On September 18, just days before the federal Throne Speech, and despite the health-related perils of travel, four provincial premiers went all the way to Ottawa to hold a press conference. There they demanded $28 billion more in funding from the federal government for health care, a provincial responsibility. They also insisted that it should be provided to them with no strings attached. As Ontario premier Doug Ford said “Give us the money, and we’ll deliver health care in the most effective, efficient way. We all have our different needs”
This would be the same premier whose province is undergoing what he himself has described as a “tsunami” second wave of COVID-19 which almost everyone agrees has been badly handled. Critics point to the apparent lack of planning, confused messaging, intolerable delays in testing and tracing, and increasing reluctance of the premier to follow the directives of public health officials. This is also the premier who is currently in a vicious battle with the provinces’ nurses to override their contracts in the middle of a pandemic.
Ford was joined in Ottawa by two fellow Progressive Conservative premiers – Jason Kenney of Alberta and Brian Pallister of Manitoba — plus Francois Legault, the right-wing CAQ premier of Quebec. Kenney, of course, is the deeply unpopular premier of Alberta, now a COVID hotspot, whose government is in a knockdown drag out battle with the provinces’ doctors, many of whom are leaving. Francois Legault, meanwhile, has seen his initial popularity in Quebec plummet as the province continues to be disproportionately affected by the virus. The premier was obliged to call in the Canadian military to salvage the disastrous situation in long term care homes and continues to rely on federal assistance to manage the crisis. In desperation both he and his health minister have now taken to blaming Quebecois culture for the province’s soaring case counts.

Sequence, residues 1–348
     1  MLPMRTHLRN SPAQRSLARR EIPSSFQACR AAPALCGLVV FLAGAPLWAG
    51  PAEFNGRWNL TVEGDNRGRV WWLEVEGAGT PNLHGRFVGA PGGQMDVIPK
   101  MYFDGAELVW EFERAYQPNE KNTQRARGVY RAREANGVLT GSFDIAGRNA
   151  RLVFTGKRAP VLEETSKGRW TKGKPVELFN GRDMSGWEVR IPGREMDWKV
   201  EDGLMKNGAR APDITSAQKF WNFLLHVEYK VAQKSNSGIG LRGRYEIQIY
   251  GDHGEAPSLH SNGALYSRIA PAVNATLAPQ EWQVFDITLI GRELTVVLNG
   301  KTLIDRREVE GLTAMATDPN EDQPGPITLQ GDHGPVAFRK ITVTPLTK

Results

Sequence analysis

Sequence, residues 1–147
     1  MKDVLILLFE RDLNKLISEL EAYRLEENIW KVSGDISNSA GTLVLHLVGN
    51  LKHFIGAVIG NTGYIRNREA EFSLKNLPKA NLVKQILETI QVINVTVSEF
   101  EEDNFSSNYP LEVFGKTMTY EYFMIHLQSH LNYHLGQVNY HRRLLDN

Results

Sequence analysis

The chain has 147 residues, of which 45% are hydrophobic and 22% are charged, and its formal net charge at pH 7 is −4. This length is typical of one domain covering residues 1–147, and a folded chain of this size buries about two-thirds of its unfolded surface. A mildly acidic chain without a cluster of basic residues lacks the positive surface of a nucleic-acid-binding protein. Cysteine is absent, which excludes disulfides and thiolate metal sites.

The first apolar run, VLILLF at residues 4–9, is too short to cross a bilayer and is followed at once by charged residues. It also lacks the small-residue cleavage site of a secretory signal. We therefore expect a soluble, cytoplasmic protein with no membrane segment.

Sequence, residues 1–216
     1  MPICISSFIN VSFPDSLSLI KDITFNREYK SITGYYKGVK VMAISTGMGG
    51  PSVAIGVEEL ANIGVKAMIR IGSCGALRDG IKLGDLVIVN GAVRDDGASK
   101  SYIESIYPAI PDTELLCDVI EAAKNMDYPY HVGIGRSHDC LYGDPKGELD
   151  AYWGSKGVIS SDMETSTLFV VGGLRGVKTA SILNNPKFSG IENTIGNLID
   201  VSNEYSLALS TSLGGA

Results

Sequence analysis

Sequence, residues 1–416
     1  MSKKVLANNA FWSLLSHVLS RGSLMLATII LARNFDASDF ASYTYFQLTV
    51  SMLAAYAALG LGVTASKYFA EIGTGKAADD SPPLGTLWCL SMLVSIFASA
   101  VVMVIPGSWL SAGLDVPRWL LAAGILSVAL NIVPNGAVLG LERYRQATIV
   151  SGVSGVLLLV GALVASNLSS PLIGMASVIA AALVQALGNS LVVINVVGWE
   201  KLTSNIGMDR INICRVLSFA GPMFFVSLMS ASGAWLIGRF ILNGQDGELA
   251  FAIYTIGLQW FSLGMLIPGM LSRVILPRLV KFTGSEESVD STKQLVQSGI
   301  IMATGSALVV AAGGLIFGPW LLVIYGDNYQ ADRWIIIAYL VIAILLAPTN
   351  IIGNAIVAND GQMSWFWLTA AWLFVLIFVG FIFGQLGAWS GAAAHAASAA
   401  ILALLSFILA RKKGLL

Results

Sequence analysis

More than one commentator has noted that the whole press conference affair smacked of political opportunism, coming only days before Justin Trudeau’s minority Liberal government was set to reveal its comprehensive plans for dealing with the second wave. The situation must be particularly galling for the prime minister, who continues to stress the need for national unity and a ‘Team Canada’ approach in a time of crisis as he attempts to negotiate meaningful federal-provincial agreements through consultation and consensus. Yet his efforts to help the premiers help Canadians seem to have produced far less progress than hoped for, to say the least.
As the Throne Speech of September 23 took great pains to stress, in addition to the hundreds of billions of dollars the federal government has already committed for social safety net programs for individuals and the economy, it already handed over $500 million to the provinces specifically for health care measures early on in the pandemic. Then in mid-July Trudeau announced a whopping $19 billion would be funneled to provinces for a ‘safe restart’ of the economy in September, much of it for health care and related issues. The agreement, signed by all provinces, identified testing, contact tracing and acquisition of personal protective equipment as priorities, along with provisions for paid sick leave and expanded child care facilities. Ontario’s Doug Ford happily noted that his province alone would receive some $7 billion through this agreement.
Yet two months later, the four disgruntled premiers holding their press conference in Ottawa represented the provinces with some of the worst records in terms of managing the pandemic while restarting the economy. Clearly there was no “safe restart” in their jurisdictions.
Adding insult to injury, these same premiers were the ones complaining loudest about the Throne Speech and its ‘intrusion’ into provincial jurisdiction when it reiterated the government’s commitment to research, testing and obtaining a vaccine, as well as a longstanding commitment to a national pharmacare plan. Interestingly their outrage was not shared by many of the other premiers representing provinces in the Atlantic and British Columbia, where the pandemic has been far better managed.
Having failed in their attempt to divert attention elsewhere by attacking their traditional whipping boy, the federal government, one hopes the four dissidents will now turn their full attention to the very real problems facing each of their provinces.